CEN and SVCF: Partnerships strengthening nonprofits

Staff and board members participate in CEN’s IDEAL (Inclusion, Diversity, Equity, Access, and Liberation) Program
CEN staff and board members participate in the IDEAL (Inclusion, Diversity, Equity, Access, and Liberation) Program

As Silicon Valley Community Foundation works to bolster local nonprofits, it has a strong partner in the Center for Excellence in Nonprofits (CEN) — both as a SVCF grantee and as a contractor that SVCF turns to for help with projects.

CEN primarily serves nonprofits in Santa Clara and San Mateo counties, offering workshops, boot camps, roundtables, consulting services and training for local nonprofit leaders. During COVID, the group’s reach grew to include clients all over the country and even some internationally.

One key CEN program is a two-day workshop called Inclusion, Diversity, Equity, Access, and Liberation (IDEAL).

“In that workshop, we offer attendees an opportunity to learn about the meaning of each of those terms and then think about how to bring them to life in their own work lives, in their organizations, and in the sector as a whole,” said Shana Peete, CEO of CEN. “IDEAL is not only something we are sharing as a leading practice with our clients – it’s something that we have really internalized and are living. It is the lens through which everything we do is done.”

It’s a good match for SVCF’s mission.

“The way CEN is serving our community is very in line with SVCF’s current work and focus on supporting the issues of racial equity and social justice,” said Michelle Fries, director of Nonprofit Support Services and Leadership Investment for SVCF.

Investing in capacity to expand services

CEN’s most recent SVCF grant came from the Capacity-Building and Leadership Investment Program.

“The capacity grant allowed us to expand our front-of-house and back-of-house staff, and it has helped us to be able to go wider with the services we provide – and at the same time deeper,” Peete said. The CEN team has doubled in size and is now 10 people. SVCF’s support also allowed CEN to build out internal systems.

“By having more people power, by having greater systems and infrastructure in place, we are seeing that especially with COVID-19 not going anywhere, there are organizations that need ongoing support from us, and we’re able to provide it in a way that we never have before,” Peete said.

During the pandemic, “we saw organizations that were hanging on the edge even before the pandemic, really struggling to keep their doors open,” Peete said. “We were able to provide services to those organizations, sometimes regardless of their ability to provide compensation, and help them navigate this challenging time.”

Another result of stronger staffing and systems: CEN is now able to plan its curriculum a year or more in advance, allowing plenty of time for engaging the community.

“SVCF has allowed us to serve our people better with this capacity-building grant,” said Peete.

The grant has also increased the organization’s ability to solicit and act on feedback from the nonprofit leaders they serve. For example, with IDEAL and several other programs, the infrastructure improvements allow CEN to ask registrants some baseline questions before the program begins. Collecting feedback is critical to adapting to nonprofit needs.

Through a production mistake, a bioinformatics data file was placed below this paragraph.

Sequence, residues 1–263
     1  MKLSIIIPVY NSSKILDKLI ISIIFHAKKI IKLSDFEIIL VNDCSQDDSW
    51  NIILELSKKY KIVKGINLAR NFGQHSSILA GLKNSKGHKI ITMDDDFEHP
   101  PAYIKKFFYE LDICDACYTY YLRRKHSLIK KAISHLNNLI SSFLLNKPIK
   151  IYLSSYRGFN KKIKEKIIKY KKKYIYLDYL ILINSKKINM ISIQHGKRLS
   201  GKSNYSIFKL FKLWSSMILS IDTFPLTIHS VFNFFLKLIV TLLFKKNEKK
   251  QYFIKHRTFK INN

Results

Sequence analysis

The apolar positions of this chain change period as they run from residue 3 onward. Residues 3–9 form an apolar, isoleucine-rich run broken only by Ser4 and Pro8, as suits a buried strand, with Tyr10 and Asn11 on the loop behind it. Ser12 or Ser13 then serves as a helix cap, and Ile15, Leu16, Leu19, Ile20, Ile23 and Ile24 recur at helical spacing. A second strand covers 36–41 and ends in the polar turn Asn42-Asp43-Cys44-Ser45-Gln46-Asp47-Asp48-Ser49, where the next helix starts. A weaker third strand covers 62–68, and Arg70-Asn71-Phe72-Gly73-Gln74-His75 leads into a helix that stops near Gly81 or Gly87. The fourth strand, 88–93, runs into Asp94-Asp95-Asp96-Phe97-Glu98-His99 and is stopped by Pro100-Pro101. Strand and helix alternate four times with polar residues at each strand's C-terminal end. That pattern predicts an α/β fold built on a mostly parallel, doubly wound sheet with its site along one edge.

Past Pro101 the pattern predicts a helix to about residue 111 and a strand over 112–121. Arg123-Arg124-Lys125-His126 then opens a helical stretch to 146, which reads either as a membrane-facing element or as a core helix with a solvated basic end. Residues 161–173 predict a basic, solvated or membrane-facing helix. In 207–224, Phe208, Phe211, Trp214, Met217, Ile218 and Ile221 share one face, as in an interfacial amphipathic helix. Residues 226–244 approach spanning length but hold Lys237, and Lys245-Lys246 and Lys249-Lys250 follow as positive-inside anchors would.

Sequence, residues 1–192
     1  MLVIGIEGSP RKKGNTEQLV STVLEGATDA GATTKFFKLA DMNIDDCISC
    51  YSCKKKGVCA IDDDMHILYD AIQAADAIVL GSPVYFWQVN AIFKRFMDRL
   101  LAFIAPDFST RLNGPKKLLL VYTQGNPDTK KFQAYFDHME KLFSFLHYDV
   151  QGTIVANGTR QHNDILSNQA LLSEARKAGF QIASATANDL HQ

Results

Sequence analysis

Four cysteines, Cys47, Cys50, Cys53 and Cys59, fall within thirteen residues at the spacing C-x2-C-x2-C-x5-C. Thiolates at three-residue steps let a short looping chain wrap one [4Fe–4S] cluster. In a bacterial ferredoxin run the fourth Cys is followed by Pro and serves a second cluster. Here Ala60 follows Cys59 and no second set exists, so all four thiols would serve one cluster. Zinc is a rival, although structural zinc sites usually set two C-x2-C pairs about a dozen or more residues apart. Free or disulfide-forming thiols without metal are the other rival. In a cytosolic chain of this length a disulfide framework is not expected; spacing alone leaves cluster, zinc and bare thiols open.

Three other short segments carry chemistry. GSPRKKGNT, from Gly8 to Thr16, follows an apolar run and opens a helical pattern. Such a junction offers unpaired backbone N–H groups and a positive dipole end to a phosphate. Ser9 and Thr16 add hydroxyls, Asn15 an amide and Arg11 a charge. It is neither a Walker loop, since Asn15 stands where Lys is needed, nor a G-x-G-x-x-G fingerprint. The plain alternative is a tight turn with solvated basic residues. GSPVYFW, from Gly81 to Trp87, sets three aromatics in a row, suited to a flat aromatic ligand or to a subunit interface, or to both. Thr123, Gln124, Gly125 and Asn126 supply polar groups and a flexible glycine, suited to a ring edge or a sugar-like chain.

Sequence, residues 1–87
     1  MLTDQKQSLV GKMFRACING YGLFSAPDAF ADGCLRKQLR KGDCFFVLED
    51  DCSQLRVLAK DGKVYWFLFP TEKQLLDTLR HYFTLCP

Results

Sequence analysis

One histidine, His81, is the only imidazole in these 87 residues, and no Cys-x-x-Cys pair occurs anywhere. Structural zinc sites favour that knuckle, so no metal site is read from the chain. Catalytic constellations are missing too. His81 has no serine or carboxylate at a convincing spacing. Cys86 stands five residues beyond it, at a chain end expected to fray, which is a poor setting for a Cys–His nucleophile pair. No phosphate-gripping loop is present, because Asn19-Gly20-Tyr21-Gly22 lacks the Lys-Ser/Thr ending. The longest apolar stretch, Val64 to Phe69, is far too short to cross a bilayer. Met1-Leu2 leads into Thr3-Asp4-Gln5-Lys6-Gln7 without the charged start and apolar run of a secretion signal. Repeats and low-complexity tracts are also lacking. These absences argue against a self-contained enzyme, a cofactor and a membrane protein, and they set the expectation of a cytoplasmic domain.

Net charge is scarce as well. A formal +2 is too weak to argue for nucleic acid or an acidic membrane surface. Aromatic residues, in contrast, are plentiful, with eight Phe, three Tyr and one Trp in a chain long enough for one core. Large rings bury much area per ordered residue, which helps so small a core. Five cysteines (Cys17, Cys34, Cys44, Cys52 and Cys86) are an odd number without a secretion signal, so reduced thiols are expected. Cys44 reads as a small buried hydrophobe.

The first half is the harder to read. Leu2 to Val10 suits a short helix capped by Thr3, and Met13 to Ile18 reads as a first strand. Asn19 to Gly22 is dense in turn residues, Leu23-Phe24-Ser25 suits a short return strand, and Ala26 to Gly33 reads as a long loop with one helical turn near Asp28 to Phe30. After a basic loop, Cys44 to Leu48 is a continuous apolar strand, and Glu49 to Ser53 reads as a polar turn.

Collaborating on programs

CEN STAFFCEN, SVCF and the Thrive Alliance partnered on an event in late 2020 called Thinking Big Together, with a focus on SVCF’s new strategic plan and featuring SVCF President and CEO Nicole. The virtual convening brought together organizations during a particularly challenging time in the pandemic.

The program aimed to “support nonprofit leaders who were fearful about their organizations, fearful about COVID, concerned about social justice – folks needing support and understanding about how to make it through that time,” Peete said.

SVCF is also helping CEN build up and support the next generation of nonprofit leaders. CEN recently began a program called Silicon Valley Next, which is supported by SVCF. It prepares nonprofit workers who are not yet running nonprofits to take on top leadership positions in the future.

“It’s really important for CEN to support nonprofit leaders – and we define the word ‘leader’ very liberally,” Peete said. “It’s not about your title, that you’re a board chair or an executive, but that you are demonstrating leadership, forward-thinking innovation in your locus of control within the nonprofit community. Support from SVCF has enabled us to support those emerging leaders.”

A thriving partnership and nonprofit ecosystem

Both SVCF and CEN are “in the capacity business,” said Peete, and CEN serves a lot of the nonprofits that SVCF works with. “CEN is focused on sustainability – of leaders and the organizations that they serve – so that the nonprofit sector will be at its strongest.”

Both organizations are working to build a strong nonprofit sector in Silicon Valley, with an emphasis on equity. CEN’s work is an ideal example of what SVCF’s Capacity-Building and Leadership Investment Program seeks to fund, not only enabling its grantees to thrive, but giving grantees the tools and resources to help other local nonprofits that are addressing issues of equity thrive as well.

“They’ve been really important community partners,” Fries said. “And we look forward to our continued collaboration in the years to come.”